Many people are familiar with a therapeutic approach known as CBT (cognitive behavioral therapy). It is well documented by research that CBT is an effective treatment for many sorts of mental disorders. Basically, clients gain a greater sense of self-awareness through CBT learning skills like mindfulness. They are taught to identify negative thought patterns and replace them with alternative thoughts which promote greater health.
Central to the CBT model is the belief that negative thoughts are responsible for creating the context for the symptoms of the client’s mental disorder to grow. Now, there is no arguing that CBT is effective. Research has proven so time and again and most insurance companies specifically ask providers if they practice this method.
However, there are some clinical reasons to second guess the use of CBT. Here are some questions that I have and that reflect a growing body of clinical critiques of CBT. Should we assume negative thoughts always precede negative emotions? If so, why does research demonstrates CBT is largely ineffective with depression? Should we assume that every negative thought is “pathological?” If so, what about the psychological scars that may be a part of a person’s experience of past abuse and trauma? Why would a CBT therapist work with a client to “reframe” them when reality is that they are quite accurate in many cases.
CBT is a pragmatic and sometimes useful tool but it has a serious limitation in that it seeks to create within a client’s experience a sort of “idealist” version of their world. In essence, a core piece of CBT work seeks to sever the relationship between what is and what we hope things to be in this world. And, the last time I turned on the news, “what is” in this world has not improved at all. Maybe it’s time we learned to quit avoiding what we experience and learn to cope with it in a way that allows us to move forward with life even though this world is not what we hoped.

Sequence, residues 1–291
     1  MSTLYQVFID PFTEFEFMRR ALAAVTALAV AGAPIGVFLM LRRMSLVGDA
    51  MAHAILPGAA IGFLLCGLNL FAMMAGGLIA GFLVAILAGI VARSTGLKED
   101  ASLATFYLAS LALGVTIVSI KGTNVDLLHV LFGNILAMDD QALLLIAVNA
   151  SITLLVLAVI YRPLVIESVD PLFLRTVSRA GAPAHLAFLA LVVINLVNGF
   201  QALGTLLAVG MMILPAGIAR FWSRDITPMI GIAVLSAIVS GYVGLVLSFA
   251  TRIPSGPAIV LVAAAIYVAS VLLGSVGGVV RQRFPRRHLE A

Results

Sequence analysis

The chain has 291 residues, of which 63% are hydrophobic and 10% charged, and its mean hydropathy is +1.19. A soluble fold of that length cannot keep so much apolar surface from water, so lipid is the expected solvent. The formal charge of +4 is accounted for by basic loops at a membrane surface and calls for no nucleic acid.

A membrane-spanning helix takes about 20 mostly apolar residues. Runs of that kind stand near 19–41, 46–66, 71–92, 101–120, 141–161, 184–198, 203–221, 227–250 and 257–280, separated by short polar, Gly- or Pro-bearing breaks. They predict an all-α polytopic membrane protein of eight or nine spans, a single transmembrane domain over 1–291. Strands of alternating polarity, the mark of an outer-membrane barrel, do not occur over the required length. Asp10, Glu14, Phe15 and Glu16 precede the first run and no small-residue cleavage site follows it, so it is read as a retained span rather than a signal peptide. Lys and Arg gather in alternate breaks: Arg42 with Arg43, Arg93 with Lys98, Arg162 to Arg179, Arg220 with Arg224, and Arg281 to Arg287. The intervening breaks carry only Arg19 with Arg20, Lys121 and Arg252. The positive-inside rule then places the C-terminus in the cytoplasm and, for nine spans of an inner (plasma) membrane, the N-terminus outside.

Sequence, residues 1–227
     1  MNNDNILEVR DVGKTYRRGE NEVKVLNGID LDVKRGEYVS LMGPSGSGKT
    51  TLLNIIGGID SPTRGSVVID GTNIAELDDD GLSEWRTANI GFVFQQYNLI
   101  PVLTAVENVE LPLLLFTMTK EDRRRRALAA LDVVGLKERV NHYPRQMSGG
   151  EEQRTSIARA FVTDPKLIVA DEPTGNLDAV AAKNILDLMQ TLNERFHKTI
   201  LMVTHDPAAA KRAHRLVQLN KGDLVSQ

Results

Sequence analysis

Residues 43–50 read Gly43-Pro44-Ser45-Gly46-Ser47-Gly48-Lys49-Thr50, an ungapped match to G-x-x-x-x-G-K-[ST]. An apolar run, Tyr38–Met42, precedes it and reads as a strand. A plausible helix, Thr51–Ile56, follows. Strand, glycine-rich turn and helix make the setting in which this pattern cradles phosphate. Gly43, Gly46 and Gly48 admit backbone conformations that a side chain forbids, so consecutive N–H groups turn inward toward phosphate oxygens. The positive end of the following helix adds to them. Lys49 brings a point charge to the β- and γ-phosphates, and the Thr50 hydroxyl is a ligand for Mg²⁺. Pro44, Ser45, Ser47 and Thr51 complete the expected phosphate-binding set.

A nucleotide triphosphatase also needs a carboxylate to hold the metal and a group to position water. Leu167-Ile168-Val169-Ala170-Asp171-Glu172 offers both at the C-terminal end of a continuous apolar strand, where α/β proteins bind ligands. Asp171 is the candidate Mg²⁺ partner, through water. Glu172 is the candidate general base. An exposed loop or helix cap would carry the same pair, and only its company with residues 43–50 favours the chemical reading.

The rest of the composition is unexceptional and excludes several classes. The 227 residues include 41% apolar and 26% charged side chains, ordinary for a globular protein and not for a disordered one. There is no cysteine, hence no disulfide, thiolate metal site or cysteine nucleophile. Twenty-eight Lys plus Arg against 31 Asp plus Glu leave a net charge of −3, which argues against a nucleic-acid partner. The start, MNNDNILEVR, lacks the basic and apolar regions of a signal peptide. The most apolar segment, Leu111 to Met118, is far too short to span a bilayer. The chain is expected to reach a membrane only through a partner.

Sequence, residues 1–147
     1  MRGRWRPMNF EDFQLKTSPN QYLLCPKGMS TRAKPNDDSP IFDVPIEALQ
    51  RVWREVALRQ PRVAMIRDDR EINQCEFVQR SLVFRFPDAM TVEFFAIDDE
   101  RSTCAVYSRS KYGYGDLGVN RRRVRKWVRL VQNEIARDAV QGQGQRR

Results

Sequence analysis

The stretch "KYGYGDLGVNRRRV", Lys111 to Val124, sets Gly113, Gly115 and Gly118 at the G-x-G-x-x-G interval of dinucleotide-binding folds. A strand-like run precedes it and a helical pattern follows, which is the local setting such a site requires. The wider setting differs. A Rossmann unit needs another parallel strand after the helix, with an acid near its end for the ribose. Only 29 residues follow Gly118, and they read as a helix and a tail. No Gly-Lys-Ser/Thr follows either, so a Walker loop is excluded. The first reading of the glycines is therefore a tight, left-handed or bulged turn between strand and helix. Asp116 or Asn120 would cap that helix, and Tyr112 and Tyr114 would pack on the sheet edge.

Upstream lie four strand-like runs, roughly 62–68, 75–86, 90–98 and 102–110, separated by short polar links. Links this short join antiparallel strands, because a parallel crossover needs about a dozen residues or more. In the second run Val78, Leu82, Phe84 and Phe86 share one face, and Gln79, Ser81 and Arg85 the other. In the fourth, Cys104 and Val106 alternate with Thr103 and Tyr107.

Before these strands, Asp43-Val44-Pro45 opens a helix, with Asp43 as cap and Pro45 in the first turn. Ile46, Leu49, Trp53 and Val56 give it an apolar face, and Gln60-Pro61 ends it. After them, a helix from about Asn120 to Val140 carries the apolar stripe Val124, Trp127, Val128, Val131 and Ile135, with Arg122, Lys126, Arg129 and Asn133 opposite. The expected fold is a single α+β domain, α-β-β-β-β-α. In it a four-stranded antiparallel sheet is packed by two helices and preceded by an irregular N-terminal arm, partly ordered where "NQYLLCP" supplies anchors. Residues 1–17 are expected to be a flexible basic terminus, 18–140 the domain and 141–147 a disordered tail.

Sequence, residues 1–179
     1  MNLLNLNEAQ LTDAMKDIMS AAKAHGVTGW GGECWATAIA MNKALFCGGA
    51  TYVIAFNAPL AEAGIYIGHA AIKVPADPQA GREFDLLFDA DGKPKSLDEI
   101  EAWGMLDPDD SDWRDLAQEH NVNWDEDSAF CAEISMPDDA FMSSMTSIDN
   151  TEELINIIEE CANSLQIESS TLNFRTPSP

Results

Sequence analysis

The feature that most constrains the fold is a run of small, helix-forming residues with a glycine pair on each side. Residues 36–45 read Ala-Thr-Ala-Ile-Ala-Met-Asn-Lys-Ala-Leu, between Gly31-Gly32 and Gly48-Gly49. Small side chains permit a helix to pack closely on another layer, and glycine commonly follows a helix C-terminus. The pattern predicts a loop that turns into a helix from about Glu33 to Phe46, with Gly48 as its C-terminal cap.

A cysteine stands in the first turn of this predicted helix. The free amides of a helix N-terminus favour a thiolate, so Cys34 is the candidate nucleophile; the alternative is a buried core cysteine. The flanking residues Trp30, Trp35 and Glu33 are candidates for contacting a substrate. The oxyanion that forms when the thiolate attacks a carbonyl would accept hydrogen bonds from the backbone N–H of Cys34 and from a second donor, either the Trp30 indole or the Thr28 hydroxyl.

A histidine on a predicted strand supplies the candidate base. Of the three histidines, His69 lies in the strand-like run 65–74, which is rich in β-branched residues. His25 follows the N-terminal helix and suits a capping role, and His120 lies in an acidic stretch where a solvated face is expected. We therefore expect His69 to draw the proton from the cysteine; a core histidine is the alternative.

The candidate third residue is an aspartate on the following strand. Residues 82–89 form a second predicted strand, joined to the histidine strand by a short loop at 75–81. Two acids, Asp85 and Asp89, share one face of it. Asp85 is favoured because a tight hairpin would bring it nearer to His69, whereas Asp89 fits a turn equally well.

That is why ACT (acceptance and commitment therapy) make so much sense to me as a person and a practitioner. I take notice when the Veteran’s Administration spends a lot of money researching what works with people who have serious trauma, addictions, and depression. It’s impossible to “reframe” what happened to a lost mate in combat or a missing limb. Reality is that these things are what they are. ACT has taught me as a person and a practitioner that it is the struggle (i.e. avoidance) of our negative thoughts that is most responsible for the mental anguish we experience.
The research evidence for ACT (now a 30 year old therapeutic method) continues to validate its effectiveness. More, it is a therapy that grounds us in the world in which we live. If one learns the skills of ACT, they will discover an application to a wide variety of circumstances. In the real world many people do not experience a full remission of symptoms of depression, anxiety, or addictive cravings. ACT will help you to accept that this truth does not mean you cannot go on living and even thriving. Learn how to stop obsessing over those things which may be beyond our control. Instead, create new lifestyle patterns and healthier choices. Be present in the moment without having to fight unnecessarily against thoughts or feelings that you might be experiencing.